The spread and rest operators: more efficient arrays and objects.

So lately i've been using Redux in one of my Angular app. It has been super fun and super useful to say the least. It takes a little adjusting to get used to their state model and one of the adjustments is the usage of pure functions. In the following post i'll illustrate a use case for the spread operator and then show you how to use it.

Pure functions basically say two things: that you cannot modify / mutate the value of parameters passed into the function and that the return value is derived from the parameters passed in. In essence, a pure function should always have a predictable output given the same set of inputs.

With that being said, my first question was, "well, how do you modify an array or object without changing it?", and the answer is to create a new one. Basically, you create a copy of the state you're given and then add on the extra info.

For the purposes of this article we will focus on the theory of the spread operator and not be concerned with creating acutal reducer methods.

The challenge - look but don't touch

Let's say we have a function, addItemToArray. Ingenious name I know! The method function takes an array, and returns a new one without modifying the original array.

function addItemToArray(initialArrayState = [], newValue)  
{
   let newStateArray = initialArrayState.concat(newValue);

return newStateArray;  
}

So this approach is not that bad. We aren't mutating the params passed in as we're using concat to return a new array based on the contents of the two arguments. We can do a little better though and make this even shorter and more concise.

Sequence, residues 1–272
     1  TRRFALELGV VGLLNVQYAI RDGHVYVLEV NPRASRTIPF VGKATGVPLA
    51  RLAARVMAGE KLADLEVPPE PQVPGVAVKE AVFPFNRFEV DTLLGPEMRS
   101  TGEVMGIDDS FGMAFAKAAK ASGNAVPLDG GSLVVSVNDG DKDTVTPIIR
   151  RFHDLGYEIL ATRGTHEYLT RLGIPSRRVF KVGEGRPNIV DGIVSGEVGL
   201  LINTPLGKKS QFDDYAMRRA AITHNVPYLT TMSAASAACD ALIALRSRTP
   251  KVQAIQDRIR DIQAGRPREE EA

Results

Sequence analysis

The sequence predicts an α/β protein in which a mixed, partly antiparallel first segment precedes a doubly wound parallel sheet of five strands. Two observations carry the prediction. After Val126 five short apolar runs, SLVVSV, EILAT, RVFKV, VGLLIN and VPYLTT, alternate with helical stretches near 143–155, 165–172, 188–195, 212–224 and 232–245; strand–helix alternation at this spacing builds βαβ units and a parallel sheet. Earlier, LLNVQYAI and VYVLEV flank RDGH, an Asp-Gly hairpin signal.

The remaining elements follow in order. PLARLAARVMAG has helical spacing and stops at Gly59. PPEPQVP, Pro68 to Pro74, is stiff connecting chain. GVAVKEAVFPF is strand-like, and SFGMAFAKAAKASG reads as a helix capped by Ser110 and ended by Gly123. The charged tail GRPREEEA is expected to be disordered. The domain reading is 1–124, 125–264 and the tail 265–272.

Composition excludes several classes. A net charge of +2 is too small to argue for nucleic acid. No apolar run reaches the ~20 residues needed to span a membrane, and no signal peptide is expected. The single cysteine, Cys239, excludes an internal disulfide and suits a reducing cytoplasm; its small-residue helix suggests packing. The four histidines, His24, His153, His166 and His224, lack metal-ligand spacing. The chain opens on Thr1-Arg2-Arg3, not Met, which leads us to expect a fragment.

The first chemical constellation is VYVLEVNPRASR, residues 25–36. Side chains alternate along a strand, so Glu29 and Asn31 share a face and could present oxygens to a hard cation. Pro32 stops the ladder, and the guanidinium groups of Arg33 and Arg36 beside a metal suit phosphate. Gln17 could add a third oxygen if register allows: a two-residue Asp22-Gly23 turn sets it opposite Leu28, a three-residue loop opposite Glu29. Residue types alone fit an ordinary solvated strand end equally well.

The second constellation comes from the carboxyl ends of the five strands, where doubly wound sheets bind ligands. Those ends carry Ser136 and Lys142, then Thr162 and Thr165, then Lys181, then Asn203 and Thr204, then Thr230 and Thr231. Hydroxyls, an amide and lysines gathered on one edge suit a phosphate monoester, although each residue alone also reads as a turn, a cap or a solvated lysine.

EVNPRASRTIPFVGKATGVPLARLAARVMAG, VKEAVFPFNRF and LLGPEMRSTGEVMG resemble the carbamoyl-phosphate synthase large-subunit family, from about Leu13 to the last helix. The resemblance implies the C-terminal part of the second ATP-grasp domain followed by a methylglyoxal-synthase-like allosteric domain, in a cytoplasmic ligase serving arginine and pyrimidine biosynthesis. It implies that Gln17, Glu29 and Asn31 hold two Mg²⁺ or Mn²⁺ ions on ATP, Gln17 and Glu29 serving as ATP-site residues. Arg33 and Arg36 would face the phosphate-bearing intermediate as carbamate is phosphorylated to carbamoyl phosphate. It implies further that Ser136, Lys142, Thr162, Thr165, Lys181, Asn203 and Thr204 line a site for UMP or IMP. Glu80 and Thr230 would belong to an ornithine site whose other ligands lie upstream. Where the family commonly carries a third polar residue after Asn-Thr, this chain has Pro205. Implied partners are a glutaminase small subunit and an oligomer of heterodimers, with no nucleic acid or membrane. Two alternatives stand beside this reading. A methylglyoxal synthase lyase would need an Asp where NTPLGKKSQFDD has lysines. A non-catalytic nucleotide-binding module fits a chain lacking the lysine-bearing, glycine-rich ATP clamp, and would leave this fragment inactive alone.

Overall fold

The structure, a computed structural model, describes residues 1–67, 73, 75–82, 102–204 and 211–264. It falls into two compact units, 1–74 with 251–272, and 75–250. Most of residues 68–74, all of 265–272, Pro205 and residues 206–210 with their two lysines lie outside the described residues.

Enter the spread operator
function addItemToArray(initialArrayState = [], newValue)  
{
   return [...initialArrayState, newValue];
}

Where the spread operator works by "expanding elements" into new ones such as when you have an expression where you want to be able to add more data, like an array, or function arguments, there is another operator that condenses multiple elements into one.

The Rest Operator

The rest operator, or aka the object spread operator let's you concatenate values from other objects onto a different object. Let's do another example.

const INITIAL_STATE = {"foo" : "bar"};  
let newValue = {"pet": "fido"};

function addItemToObj(initialObjState = INITIAL_STATE, newValue)  
{
   return {...initialObjState, newValue};
}

The result of this is a new composed object based on the arguments passed to our function. You can think of this as being similar to jQuery's extend or ES2015's Object.assign.

Conclusion

This is just the tip of the iceberg. There is a lot more than you can do with the spread and rest operators. Check out these links below to find out more.

Resources